The legislative maneuvering continues. Legislation of this impact and importance is going to take time, focus, and a lot of hard work from both sides of the isle.
Peace out – Martin Fox with the Center for Global Leadership. Learn more about our work at www.LeadGlobally.org.
One Earth, One People, One Global Community
Why the GOP’s Graham Put the Kibosh on a Climate Bill
By BRYAN WALSH
Mon Apr 26, 5:20 am ET
Forging congressional legislation to effectively tackle climate change was never going to be easy – but it just became a lot harder. Republican Senator Lindsey Graham, who had been working on a climate bill along with Democrat John Kerry and independent Joseph Lieberman, on Saturday announced that he would suspend his involvement in climate negotiations, blaming what he termed the Democrats’ “cynical ploy” of focusing first on immigration reform. “Unless their plan substantially changes this weekend, I will be unable to move forward on energy independence legislation at this time,” wrote Graham in a letter to business, environmental and military leaders. “I will not allow our hard work to be rolled out in a manner that has no chance of success.”
Graham’s change of heart scuttled a planned announcement of the climate bill on April 26, when the three senators had been set to share the stage with executives from energy and oil companies to introduce the legislation. Kerry and Lieberman said that they would continue working towards climate legislation, and White House climate czar Carol Browner said in a statement that the Administration would support “both comprehensive energy independence and immigration reform legislation.” But losing Graham – one of the few Republicans in Congress who still seems to believe in tackling global warming through curbing carbon emissions – is a body blow for climate and energy legislation that was already facing a vertical battle in Congress. (See how the U.S. can win the war against global warming.)
Graham, Kerry and Lieberman had been working on a climate and energy bill in the Senate for nearly half a year. (A climate bill sponsored by Democratic Reps. Henry Waxman and Edward Markey already passed nearly a year ago in the House.) The Senate bill was always going to be controversial: While the House legislation had been built around capping and trading carbon emissions, Graham had declared the cap-and-trade principle “dead,” and the Senate bill was going to focus more narrowly on the electricity sector, rather than the entire economy. That may have allowed Kerry, Graham and Lieberman to enlist serious industry support for their bill, including the trade group for private electrical utilities and many of the major oil companies. And not coincidentally, a number of more liberal environmental groups, such as Friends of the Earth, were already pronouncing the prospective Senate bill far too weak to deal with climate change.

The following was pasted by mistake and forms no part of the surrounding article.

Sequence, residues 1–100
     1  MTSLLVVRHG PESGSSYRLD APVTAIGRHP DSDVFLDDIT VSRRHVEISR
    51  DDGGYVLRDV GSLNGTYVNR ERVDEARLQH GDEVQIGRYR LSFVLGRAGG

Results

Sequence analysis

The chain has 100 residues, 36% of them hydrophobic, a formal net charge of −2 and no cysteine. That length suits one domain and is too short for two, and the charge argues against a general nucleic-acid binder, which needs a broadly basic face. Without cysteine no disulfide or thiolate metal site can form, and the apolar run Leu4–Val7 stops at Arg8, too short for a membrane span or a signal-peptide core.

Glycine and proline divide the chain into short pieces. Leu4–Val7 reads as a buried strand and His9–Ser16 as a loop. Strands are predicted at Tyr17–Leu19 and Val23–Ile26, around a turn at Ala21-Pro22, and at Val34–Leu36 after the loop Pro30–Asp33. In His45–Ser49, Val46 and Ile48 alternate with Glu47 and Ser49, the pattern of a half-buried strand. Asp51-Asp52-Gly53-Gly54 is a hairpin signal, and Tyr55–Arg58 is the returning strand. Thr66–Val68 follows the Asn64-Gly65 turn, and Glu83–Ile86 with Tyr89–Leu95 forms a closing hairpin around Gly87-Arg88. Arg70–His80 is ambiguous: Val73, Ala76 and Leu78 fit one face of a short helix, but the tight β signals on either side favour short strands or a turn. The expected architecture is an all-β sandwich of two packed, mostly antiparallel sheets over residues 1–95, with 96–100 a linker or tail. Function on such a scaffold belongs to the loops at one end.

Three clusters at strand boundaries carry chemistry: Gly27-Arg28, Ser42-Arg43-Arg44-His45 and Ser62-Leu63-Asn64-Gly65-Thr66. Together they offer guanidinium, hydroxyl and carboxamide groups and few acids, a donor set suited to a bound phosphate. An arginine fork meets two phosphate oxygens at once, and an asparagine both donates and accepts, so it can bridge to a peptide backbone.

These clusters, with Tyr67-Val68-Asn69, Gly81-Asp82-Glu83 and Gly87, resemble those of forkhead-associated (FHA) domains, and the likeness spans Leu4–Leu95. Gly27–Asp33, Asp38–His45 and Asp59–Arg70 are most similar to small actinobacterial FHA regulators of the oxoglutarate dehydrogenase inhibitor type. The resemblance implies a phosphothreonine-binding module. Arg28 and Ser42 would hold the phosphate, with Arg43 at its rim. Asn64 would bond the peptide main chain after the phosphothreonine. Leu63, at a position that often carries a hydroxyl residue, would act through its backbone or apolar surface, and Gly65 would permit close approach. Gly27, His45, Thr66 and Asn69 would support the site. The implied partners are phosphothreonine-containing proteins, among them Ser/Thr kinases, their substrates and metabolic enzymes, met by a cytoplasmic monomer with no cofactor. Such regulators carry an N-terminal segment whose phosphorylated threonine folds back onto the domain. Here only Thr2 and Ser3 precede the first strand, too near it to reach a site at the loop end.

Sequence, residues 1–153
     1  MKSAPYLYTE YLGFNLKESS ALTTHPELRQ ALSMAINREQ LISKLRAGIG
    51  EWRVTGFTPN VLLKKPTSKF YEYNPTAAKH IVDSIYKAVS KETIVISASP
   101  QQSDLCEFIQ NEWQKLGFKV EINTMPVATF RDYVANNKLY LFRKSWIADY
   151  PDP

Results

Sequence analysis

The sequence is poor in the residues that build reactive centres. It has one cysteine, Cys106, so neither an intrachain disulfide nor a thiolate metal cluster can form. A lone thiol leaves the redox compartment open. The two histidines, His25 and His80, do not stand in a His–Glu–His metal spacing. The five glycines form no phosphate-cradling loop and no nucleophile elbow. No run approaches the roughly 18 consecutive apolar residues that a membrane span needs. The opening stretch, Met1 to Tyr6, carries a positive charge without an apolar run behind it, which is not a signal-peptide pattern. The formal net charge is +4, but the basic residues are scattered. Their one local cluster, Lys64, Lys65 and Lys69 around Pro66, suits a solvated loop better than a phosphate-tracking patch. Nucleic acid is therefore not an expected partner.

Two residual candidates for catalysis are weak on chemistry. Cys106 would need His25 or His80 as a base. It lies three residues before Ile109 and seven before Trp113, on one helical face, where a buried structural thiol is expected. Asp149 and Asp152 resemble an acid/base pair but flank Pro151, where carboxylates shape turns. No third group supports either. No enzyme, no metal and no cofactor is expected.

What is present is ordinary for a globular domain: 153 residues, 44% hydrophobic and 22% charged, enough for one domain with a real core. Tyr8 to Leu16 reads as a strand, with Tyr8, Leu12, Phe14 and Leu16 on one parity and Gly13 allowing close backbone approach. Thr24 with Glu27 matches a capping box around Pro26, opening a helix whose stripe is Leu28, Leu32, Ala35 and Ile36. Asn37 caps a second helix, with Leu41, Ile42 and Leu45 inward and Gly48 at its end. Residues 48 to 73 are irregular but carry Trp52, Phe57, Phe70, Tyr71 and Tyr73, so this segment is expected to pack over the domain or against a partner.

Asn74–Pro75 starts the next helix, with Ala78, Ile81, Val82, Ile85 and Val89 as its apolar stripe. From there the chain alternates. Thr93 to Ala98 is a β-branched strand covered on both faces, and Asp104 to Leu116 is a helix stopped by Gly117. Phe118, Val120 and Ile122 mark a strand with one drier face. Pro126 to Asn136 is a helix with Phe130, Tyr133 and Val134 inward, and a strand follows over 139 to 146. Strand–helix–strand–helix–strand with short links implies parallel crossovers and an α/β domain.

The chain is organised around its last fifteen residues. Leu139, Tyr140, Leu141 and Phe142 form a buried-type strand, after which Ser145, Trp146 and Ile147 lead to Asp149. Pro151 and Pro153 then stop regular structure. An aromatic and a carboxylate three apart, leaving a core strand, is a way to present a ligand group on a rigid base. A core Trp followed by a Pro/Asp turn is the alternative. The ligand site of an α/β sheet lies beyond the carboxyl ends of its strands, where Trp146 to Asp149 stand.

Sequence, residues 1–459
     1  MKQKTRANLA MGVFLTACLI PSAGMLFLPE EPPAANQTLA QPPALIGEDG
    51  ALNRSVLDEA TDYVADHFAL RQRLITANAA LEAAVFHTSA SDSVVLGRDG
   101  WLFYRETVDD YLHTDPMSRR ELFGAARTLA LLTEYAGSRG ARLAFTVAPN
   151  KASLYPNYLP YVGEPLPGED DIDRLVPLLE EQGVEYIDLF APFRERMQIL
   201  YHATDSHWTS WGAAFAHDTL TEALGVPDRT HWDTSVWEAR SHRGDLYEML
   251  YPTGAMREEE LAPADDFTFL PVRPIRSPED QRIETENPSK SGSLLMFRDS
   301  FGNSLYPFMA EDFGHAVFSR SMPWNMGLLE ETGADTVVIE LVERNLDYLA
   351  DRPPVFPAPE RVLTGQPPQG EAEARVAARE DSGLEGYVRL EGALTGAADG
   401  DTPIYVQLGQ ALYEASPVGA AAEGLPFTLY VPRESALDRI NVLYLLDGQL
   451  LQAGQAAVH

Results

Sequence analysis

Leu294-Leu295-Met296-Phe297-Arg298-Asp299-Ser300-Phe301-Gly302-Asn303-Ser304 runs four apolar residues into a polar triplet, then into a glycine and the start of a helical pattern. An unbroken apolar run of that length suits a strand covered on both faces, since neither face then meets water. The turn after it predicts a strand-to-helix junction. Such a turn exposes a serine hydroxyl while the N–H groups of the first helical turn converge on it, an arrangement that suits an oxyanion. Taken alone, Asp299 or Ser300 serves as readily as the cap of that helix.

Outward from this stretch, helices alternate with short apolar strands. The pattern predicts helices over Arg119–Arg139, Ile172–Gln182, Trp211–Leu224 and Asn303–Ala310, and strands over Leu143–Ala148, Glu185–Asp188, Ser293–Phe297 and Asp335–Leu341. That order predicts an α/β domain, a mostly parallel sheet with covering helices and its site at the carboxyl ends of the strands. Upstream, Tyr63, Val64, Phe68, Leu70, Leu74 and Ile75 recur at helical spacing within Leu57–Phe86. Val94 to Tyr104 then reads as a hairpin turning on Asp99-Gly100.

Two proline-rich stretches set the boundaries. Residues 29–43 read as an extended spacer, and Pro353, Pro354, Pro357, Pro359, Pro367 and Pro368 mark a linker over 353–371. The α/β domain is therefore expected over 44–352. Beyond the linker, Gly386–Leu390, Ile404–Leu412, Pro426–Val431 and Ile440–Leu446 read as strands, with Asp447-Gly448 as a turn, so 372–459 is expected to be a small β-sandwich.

That might be a moot point now. Late last week, partially in response to the passage of a state law in Arizona that gave police unprecedented latitude to crack down on illegal immigration, the Democratic leadership began considering moving immigration reform ahead of energy and climate legislation in their congressional priorities. Given how split the country remains on immigration and given the fact that little advance work on the issue has been done in Congress as yet, Graham told reporters on April 22 that moving ahead on the issue “destroys the ability to do something like energy and climate.”